1. Authors are Not Wealthy and Most Hold Day Jobs

I get a little weirded out when people say things like 'So you're a writer.' I get even more uncomfortable when people define themselves as a writer and shove their self-published autobiography about that time some guy dumped them at Red Robin.

I'm cheating on you. Have a burger! Yummmmmmm....

Yes, I do write, but I don't make a living off it. In fact, few writers do. That girl with the book of goth poems working as a waitress at Friendly's is more typical of the average 'writer' than Stephen 'I can turn a grocery list into a best-seller' King.

All told, I've probably made about $6000 from all four of my books. Not a bad chunk of change if you consider that as just extra spending money. But break that number down--my first book took 14 months to write. My second 10. The third and fourth probably took another 14 months combined. That's about $2000 a year. And you have to take out taxes. That's not even enough money to live off cat food for a year.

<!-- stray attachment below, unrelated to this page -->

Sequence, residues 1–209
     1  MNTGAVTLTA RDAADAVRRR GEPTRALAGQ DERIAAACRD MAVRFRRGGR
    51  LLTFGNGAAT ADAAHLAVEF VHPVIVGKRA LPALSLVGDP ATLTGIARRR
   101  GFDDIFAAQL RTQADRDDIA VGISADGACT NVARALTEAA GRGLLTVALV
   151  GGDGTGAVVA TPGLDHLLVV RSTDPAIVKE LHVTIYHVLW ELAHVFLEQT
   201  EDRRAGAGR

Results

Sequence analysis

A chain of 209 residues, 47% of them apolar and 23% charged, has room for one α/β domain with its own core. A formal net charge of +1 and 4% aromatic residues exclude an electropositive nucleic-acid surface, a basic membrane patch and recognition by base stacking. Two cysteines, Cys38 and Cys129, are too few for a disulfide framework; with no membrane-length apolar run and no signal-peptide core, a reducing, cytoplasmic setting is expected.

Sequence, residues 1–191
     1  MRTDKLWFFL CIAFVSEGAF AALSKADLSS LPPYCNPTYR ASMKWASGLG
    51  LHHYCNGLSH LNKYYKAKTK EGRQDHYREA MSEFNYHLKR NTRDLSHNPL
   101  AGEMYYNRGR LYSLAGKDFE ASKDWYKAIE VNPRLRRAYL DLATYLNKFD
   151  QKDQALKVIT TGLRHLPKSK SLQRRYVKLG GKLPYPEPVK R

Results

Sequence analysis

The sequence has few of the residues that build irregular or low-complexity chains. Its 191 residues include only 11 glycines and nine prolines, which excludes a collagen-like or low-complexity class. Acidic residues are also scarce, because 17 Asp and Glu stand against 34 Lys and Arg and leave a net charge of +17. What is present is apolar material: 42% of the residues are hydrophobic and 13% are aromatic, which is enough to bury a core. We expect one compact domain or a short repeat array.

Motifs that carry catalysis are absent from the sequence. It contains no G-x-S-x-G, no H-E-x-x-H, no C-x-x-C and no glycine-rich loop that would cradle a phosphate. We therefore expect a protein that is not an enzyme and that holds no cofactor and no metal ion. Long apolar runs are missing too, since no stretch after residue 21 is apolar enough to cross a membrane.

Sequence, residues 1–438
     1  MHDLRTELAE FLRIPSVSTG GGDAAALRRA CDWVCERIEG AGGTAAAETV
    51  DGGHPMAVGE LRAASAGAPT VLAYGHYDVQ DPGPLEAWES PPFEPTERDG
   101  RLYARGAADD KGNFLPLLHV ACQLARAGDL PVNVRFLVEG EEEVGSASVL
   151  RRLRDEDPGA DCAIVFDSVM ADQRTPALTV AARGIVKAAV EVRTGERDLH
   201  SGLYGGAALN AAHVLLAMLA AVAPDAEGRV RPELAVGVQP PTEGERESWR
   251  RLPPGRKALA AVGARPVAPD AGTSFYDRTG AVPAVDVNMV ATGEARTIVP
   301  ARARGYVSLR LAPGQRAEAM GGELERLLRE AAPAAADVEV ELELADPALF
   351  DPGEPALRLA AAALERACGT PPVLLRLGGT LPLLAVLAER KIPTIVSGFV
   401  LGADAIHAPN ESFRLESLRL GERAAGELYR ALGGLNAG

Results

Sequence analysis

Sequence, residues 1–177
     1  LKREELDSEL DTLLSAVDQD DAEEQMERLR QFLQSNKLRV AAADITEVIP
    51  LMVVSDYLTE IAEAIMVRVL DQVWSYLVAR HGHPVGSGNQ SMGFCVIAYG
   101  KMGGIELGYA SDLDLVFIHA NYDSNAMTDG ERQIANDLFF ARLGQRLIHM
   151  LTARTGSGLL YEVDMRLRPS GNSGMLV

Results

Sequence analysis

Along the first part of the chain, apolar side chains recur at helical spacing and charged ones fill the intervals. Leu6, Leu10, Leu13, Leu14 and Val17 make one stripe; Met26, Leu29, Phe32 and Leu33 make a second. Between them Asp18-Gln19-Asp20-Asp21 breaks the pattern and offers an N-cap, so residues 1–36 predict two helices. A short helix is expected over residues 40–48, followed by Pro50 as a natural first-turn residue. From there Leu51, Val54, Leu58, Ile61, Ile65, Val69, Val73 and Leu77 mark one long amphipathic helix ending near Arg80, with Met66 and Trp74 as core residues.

So why in the hell would anyone want to write? Because when I'm deep in the process of writing, of creating, nothing else can compare to that high. And when I do finally get published and just one reader connects with my characters or stories, it's like everything I've written has come alive. It's like child birth without the pain and pooping on the table.

So if you do happen to run into a writer somewhere out in the big scary world, don't ask him about sales, or book outlets, or any of that meaningless garbage. Ask him about the story, the characters, why he chose to write what he wrote. You'll get a lot more interesting and meaningful answers.